Egypt jails man for harassment spree that sparked #MeToo movement
An Egyptian court Sunday sentenced a man to eight years in prison for sexually harassing three minors and drug possession, in a case that sparked outrage on social media.
Ahmed Bassam Zaki, a former student at the American University in Cairo, was sentenced to seven years in jail for sexually harassing three underage girls and one year for drug possession, a judicial source told AFP.
He can appeal the verdict, the source added.
Zaki, who is in his 20s, had already been sentenced in December to three years in prison for sexually harassing two young women by Egypt's economic court, which tries cyber crimes.
The court found he had sent sexual photos to one of the women and repeatedly contacted the other without her consent.
In July, Instagram and Twitter accounts under the name of "Assault Police" published claims against Zaki, including an alleged rape and dozens of incidents of assault against women and girls, as young as 14, some involving blackmail.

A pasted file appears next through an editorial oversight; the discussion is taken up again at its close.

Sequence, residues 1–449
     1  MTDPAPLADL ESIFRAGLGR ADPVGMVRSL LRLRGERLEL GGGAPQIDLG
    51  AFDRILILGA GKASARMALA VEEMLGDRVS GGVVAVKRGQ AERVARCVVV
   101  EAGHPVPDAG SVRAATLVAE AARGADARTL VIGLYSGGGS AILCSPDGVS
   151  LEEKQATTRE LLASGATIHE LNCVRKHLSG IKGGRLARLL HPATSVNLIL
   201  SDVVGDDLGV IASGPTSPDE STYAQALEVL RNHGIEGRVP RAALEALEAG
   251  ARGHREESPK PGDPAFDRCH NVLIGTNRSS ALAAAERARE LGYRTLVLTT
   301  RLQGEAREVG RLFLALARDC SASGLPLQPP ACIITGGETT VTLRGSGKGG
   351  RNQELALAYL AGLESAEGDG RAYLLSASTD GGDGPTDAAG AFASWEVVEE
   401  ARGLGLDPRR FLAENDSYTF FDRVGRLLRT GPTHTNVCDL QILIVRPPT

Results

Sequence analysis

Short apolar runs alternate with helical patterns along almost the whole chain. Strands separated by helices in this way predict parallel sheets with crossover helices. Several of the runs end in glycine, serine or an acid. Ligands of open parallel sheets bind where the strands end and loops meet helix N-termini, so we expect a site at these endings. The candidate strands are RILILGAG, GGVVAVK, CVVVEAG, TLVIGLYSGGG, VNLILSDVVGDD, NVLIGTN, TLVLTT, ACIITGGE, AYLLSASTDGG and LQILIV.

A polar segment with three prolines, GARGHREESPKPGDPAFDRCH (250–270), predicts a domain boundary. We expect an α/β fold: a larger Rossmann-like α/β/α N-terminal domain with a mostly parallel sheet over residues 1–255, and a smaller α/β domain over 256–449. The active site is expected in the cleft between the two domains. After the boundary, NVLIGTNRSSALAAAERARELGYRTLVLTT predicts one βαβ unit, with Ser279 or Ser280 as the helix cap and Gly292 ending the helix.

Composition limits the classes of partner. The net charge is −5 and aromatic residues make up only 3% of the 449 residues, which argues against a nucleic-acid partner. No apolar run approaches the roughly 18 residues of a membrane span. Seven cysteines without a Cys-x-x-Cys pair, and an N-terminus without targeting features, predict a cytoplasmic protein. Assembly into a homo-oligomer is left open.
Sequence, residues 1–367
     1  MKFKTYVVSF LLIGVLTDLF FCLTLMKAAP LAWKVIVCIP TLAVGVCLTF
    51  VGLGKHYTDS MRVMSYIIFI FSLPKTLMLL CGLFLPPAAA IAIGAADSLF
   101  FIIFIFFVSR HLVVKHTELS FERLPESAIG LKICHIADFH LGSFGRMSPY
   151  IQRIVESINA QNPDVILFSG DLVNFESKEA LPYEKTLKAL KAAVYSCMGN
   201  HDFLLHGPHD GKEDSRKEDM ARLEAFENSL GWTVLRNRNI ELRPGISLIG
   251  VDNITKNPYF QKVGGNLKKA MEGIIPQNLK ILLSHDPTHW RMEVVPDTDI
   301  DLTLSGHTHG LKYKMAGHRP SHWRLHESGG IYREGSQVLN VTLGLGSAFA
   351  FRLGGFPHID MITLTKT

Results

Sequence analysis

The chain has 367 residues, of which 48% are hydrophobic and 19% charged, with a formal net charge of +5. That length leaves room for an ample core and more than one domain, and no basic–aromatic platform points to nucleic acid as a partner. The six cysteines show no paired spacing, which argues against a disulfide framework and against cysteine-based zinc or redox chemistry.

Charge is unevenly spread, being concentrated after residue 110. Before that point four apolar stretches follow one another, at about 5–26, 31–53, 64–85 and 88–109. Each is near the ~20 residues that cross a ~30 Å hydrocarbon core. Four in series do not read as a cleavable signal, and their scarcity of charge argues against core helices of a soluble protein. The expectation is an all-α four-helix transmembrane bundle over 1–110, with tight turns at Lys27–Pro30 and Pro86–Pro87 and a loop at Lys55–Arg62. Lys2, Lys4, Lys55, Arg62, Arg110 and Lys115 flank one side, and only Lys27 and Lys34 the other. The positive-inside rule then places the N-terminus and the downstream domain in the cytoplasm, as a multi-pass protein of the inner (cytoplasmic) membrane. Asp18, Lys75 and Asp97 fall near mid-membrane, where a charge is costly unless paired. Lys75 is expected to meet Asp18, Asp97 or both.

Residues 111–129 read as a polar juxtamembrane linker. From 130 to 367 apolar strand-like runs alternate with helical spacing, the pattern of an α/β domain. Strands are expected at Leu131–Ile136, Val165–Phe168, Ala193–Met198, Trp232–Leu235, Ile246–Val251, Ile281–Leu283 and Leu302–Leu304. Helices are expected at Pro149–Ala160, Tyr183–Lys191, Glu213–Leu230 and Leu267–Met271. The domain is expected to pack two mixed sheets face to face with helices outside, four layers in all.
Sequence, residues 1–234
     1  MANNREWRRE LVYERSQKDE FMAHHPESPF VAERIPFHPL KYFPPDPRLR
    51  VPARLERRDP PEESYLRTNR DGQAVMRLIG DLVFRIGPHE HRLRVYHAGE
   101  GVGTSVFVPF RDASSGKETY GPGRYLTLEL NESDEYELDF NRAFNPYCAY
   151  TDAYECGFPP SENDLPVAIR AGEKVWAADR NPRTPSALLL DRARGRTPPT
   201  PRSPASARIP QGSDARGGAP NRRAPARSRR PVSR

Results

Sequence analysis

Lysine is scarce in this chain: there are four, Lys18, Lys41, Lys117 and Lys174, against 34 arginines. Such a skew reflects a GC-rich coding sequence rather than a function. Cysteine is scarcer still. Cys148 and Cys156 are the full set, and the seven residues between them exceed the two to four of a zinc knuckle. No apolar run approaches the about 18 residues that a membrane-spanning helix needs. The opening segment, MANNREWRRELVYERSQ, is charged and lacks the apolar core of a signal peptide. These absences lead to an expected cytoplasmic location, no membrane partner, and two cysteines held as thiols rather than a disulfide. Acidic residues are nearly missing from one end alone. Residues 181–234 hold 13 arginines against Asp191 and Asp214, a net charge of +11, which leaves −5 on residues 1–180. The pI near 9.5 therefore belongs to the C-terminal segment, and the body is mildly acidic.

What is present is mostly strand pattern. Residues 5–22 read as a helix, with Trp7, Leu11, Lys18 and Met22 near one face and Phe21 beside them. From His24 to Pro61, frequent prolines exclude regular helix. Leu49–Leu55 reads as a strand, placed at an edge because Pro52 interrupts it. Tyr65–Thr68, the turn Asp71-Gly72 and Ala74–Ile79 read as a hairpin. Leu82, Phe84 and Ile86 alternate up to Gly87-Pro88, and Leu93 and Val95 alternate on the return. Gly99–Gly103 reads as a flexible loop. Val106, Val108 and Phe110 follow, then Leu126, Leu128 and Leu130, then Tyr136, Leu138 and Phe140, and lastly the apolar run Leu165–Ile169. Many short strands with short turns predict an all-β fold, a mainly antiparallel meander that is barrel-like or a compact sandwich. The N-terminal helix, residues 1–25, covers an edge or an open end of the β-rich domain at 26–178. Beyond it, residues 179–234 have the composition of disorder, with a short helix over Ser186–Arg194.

Allegations against Zaki had been made before, but authorities reacted only after the claims went public through "Assault Police," which had received more than 100 complaints against him.
Zaki was arrested on 4 July and confessed to assaulting and blackmailing six complainants, one of whom was a minor.
Zaki’s case sparked a MeToo movement in a country where women suffer widespread sexual harassment, a criminal offence since 2014.
The National Council for Women said that within five days of the case being made public it had received 400 complaints, mainly about violence against women.
Despite legislation and civil society efforts to address the problem, surveys have shown that nearly 60 percent of women have been the target of this form of harassment in public spaces, and an equal proportion of men have admitted to harassing women in public.
Women are often reluctant to speak out, fearing public shame and being blamed for dressing or acting "provocatively".
Egypt's parliament in August approved amendments to the criminal code granting victims of sexual assault the right to anonymity. The move was aimed at encouraging women and girls to report cases of sexual violence.
One prominent case that came under the spotlight through Egypt's MeToo campaign was an alleged gang rape of a young woman at Cairo's luxury Fairmont Nile City Hotel in 2014.
The suspected nine men, believed to be from wealthy backgrounds, allegedly used a video of the incident to blackmail her into silence.
Authorities later arrested witnesses in the case, in a move denounced by critics as an attempt at intimidation.